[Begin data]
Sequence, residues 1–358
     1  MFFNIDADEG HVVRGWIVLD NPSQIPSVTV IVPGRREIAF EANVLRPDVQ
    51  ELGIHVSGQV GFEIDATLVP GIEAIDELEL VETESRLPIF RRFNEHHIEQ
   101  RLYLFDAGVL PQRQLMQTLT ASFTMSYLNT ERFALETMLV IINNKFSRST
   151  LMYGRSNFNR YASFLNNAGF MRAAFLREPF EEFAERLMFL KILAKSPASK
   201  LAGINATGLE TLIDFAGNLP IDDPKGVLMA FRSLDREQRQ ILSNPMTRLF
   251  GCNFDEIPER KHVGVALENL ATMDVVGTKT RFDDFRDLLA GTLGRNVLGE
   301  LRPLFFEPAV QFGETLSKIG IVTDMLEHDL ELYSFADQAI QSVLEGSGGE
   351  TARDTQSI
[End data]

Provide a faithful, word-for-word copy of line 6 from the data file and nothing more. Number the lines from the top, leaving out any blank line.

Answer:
   201  LAGINATGLE TLIDFAGNLP IDDPKGVLMA FRSLDREQRQ ILSNPMTRLF